In addition, hedging arrangements limit the benefit we would receive from increases in the prices for oil and natural gas.  We cannot assure you that any hedging transactions we may enter into will adequately protect us from declines in the prices of oil and natural gas.  On the other hand, we may choose not to engage in hedging transactions in the future. As a result, we may be more adversely affected by changes in oil and natural gas prices than our competitors who engage in hedging transactions.

 

Competition

 

The oil and gas industry is highly competitive and inherent difficulties exist for any new company seeking to enter an established field. Our proposed business will encounter numerous companies more experienced, better financed, and operationally organized to conduct acquisitions, development and exploration activities in the oil and gas industry in North America. Additionally, a small “start-up” such as us, with insignificant resources, is at a serious disadvantage against established competitors, including major oil companies.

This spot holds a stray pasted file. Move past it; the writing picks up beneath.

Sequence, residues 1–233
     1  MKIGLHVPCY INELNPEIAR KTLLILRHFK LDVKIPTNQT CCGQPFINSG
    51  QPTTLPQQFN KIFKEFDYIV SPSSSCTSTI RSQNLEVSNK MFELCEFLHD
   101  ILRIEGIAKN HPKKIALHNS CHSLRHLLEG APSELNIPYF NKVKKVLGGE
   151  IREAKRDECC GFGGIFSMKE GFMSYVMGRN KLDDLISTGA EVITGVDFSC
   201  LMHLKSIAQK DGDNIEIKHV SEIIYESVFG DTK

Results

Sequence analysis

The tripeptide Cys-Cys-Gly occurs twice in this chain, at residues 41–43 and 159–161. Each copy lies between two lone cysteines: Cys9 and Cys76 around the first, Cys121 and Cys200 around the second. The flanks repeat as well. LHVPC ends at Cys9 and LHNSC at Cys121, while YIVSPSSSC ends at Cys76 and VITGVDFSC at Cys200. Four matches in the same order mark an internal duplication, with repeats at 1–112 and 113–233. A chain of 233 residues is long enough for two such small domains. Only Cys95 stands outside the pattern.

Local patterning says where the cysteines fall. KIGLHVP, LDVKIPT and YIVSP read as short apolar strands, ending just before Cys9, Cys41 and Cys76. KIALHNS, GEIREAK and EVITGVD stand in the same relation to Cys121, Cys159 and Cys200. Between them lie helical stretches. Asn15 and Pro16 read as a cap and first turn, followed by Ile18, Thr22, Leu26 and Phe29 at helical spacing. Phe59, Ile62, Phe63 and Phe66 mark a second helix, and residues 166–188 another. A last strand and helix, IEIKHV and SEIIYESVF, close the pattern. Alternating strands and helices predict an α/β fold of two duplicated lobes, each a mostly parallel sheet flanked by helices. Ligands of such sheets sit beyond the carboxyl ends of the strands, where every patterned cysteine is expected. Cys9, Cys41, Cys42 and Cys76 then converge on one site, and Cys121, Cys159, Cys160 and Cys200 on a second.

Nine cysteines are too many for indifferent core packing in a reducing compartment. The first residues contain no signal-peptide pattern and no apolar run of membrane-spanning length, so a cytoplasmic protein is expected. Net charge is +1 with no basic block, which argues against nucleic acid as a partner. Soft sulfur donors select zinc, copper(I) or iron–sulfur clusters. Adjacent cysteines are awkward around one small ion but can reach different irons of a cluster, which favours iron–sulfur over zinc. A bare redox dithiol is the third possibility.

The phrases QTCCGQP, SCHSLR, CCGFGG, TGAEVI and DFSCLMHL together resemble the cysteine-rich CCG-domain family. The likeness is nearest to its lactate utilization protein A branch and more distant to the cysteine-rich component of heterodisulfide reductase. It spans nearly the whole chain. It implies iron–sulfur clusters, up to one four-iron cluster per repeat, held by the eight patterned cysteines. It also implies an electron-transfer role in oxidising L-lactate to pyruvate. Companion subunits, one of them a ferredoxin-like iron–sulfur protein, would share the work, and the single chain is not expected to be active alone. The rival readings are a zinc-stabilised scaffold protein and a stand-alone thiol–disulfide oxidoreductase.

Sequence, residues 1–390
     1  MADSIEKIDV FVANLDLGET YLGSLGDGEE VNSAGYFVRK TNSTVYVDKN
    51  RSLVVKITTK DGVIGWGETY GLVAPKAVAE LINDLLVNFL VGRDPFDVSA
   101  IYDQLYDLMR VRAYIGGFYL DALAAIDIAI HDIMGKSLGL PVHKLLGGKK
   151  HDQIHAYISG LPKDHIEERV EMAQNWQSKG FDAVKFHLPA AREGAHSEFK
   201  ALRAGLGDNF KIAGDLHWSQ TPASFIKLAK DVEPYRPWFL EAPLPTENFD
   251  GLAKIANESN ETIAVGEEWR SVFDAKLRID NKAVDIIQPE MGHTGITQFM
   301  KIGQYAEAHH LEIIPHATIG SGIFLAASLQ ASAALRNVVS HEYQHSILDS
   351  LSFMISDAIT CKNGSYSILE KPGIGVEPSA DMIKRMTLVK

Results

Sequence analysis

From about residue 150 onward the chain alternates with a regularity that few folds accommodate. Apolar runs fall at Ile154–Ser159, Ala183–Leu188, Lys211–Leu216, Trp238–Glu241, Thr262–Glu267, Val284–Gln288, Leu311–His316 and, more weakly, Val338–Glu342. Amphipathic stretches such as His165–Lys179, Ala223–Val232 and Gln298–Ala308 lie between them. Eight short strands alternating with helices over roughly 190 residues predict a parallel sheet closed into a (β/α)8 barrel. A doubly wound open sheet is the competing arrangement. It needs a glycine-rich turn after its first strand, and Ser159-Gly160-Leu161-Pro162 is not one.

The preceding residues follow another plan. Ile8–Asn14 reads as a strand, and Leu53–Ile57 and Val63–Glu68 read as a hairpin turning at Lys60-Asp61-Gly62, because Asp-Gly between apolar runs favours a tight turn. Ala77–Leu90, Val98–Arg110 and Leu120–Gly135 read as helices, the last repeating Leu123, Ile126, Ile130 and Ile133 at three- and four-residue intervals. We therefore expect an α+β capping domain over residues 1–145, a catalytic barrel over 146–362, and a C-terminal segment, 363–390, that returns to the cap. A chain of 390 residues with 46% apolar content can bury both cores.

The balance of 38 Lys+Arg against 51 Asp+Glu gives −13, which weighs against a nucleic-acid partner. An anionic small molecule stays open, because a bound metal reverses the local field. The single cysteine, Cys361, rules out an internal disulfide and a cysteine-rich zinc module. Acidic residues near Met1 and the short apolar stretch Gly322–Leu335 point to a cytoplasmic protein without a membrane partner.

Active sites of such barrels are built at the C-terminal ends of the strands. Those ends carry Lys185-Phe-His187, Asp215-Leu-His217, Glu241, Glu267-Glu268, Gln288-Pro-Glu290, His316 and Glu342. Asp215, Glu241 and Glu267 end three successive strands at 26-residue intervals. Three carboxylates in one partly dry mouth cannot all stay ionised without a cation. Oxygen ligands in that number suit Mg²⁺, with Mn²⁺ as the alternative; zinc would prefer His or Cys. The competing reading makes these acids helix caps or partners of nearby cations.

Government Regulations

 

The following is a summary of the more significant existing environmental, health and safety laws and regulations applicable to the oil and natural gas industry and for which compliance may have a material adverse impact on the development or success of our proposed oil and gas operations.

 

Federal Income Tax.  Federal income tax laws will significantly affect our operations.  The principal provisions that will affect us are those that permit us, subject to certain limitations, to deduct as incurred, rather than to capitalize and amortize, our share of the domestic “intangible drilling and development costs” and to claim depletion on a portion of our domestic oil and natural gas properties based on 15% of our oil and natural gas gross income from such properties (up to an aggregate of 1,000 Bbls per day of domestic crude oil and/or equivalent units of domestic natural gas).